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One mystery, many sleuths and $10,000

By Davina Willett
Court TV


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(Court TV) -- Former disco queen Tiffany Jones was making a comeback. British tabloid hound Mariana Blair was about to crack the biggest case in her young career. Following the success of his megahit "Booty Power," rapper Shaywan "Cheeno" Anderson had tried his hand at acting and the critics were raving. And Dave Hamlin was a first-term congressman the president had personally hailed.

Why, wonders former NYPD detective Kim Carlyle, were they all murdered and is there a connection?

These fictional, fast-living characters are among many who are brutally and mysteriously murdered in the novel, "Who Killed Tiffany Jones?" by Mavis Kaye.  But unlike other mystery novels, this one won't provide a solution. It's up to readers to solve the crime. And the reward will be more than the simple satisfaction familiar to any amateur sleuth. It's $10,000.

The concept of an interactive book that offers a reward is not entirely new. One of the co-creators of "Tiffany Jones," author and literary agent Bill Adler, had huge success with a 1983 book he co-created, titled "Who Killed the Robins Family?" That mystery also offered a $10,000 reward.

For "Tiffany Jones" Adler teamed up with author and former New York Times Book Review editor Mel Watkins. Watkins was working at The Times when Adler's "Robins Family" came out and he recalls the negative reaction of his colleagues.

"Traditionalists frown upon [books] like this. They think it's a gimmick. Kind of like how documentary filmmakers look at reality show producers," he said. "'It's destroying what literature should be' was the attitude at The Times."

But Watkins disagreed. He accepted the invitation to co-create "Tiffany Jones" without hesitation. "Reality has become a part of our lives. It makes perfect sense to do [a book] like this. It's a commercial novel that is supposed to be fun," he said.

Watkins and Adler met in the 1970s when Watkins was editor of the Quarterly Black Review of Books, and Adler was already working in publishing. They saw each other at professional functions over the years and sporadically discussed collaborating on something. Eventually, Adler suggested they do another interactive murder mystery.

"I had the idea, we made a deal. I contributed nothing but the concept," Adler said.

The book's author, like its characters, is fictional. "Mavis Kaye" is the pseudonym for a team of writers. Watkins masterminded the plot structure, then brainstormed the characters and their stories with the other writers.

"I took their material and edited it so [the story] flowed. So I wrote about 40% of it and edited the rest," he said. 

The identity of the other authors remains a mystery for now. "They are all published authors. I will reveal that the M in "Mavis Kaye" is the only reference to me," he said. There are no prizes for guessing the names of the authors involved however, so save your energy, sleuths.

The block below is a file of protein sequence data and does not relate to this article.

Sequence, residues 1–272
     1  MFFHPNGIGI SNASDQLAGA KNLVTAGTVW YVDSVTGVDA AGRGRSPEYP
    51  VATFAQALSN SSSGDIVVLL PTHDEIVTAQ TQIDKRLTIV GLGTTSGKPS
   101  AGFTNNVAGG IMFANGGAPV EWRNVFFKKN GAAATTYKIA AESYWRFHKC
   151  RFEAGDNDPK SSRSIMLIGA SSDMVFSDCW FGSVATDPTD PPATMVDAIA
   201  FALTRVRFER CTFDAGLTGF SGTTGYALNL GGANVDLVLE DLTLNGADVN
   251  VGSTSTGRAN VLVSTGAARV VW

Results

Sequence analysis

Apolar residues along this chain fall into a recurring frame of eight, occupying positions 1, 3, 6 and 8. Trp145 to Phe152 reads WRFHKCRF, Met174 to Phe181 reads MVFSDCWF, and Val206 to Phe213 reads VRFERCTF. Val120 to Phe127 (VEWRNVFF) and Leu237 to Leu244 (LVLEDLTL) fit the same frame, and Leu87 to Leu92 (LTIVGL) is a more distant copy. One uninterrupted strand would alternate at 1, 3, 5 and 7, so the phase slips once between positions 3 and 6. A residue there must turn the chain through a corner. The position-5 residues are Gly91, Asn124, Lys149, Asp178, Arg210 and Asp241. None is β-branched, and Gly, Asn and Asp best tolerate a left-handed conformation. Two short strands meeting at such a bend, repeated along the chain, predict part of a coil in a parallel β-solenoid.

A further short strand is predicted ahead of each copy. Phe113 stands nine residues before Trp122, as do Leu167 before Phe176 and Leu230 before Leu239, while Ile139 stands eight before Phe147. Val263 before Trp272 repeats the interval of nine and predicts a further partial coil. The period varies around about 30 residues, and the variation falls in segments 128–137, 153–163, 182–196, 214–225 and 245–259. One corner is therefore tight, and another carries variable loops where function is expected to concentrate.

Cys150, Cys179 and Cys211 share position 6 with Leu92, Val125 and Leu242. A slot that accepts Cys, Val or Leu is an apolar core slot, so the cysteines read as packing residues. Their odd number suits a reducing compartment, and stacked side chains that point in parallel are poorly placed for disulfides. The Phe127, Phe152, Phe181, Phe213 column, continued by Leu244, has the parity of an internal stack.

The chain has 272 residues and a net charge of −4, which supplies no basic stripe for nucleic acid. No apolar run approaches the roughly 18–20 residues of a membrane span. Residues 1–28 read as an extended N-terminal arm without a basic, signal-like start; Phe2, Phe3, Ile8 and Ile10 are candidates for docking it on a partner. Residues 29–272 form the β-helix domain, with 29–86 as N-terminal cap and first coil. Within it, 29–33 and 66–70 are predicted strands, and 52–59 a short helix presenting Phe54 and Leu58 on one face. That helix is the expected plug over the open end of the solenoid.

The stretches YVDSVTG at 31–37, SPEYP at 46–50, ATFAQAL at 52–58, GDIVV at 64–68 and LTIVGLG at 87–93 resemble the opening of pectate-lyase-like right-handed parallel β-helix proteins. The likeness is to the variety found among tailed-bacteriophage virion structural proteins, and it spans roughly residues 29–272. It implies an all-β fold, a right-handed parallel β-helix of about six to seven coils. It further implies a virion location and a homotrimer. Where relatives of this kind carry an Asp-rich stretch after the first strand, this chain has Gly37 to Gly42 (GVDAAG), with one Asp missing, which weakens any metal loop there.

A detective with a wardrobe

One of the few characters not murdered in the novel is sassy, wise-cracking entertainment agent Kim Carlyle. Forced out of the NYPD after posing for Playboy, Carlyle makes it her business to solve the string of high-profile murders -- while wearing the latest Donna Karan.

Her prominent client, flashy chanteuse Tiffany Jones, is found dead in her dressing room moments after a curtain call at the renowned Apollo Theatre in Harlem. Noting that her expensive jewelry is still in place and there are no signs of a struggle or apparent wounds, Carlyle doesn't immediately suspect foul play. It's not until a rapper client of hers is killed and another narrowly escapes an attempted murder that she suspects Jones' death may have been a hit.

When she receives a call from tabloid reporter Mariana Blair a few weeks -- and deaths --later and Blair shares her cryptic theory on how the murders are connected, Carlyle throws skepticism aside. The two women are in momentary transatlantic cohorts until ... well, you'll have to find out for yourself.

According to Watkins, "There is no one [hint] that gives the whole thing away," but he noted that the final chapters are the most revealing.

Cajoled into providing more clues, he added, "The key is to figure out who is responsible for [the deaths]."   Pressed further, he said mysteriously, "Who is Sally? She is real. That is the mystery." 

At least that's more than the book jacket tells you.

The competition ends March 1, and Watkins is the only person who knows the answer;   even his co-authors don't know. That day, he will send the solution to Martin-Kane, the company running the competition, and they will judge the entries and make the final decision. Contestants must answer a series of questions in the back of the book, and will be judged on accuracy and creativity, among other criteria.

Then in November HarperCollins will publish the book in paperback with three additional chapters revealing the solution.

And readers who enjoyed the spirited Kim Carlyle will be pleased to know that Watkins and his co-authors plan to release another novel in 2004 with the entertainment agent as its central heroine.

"You got that right," the Chanel-clad Carlyle might say.


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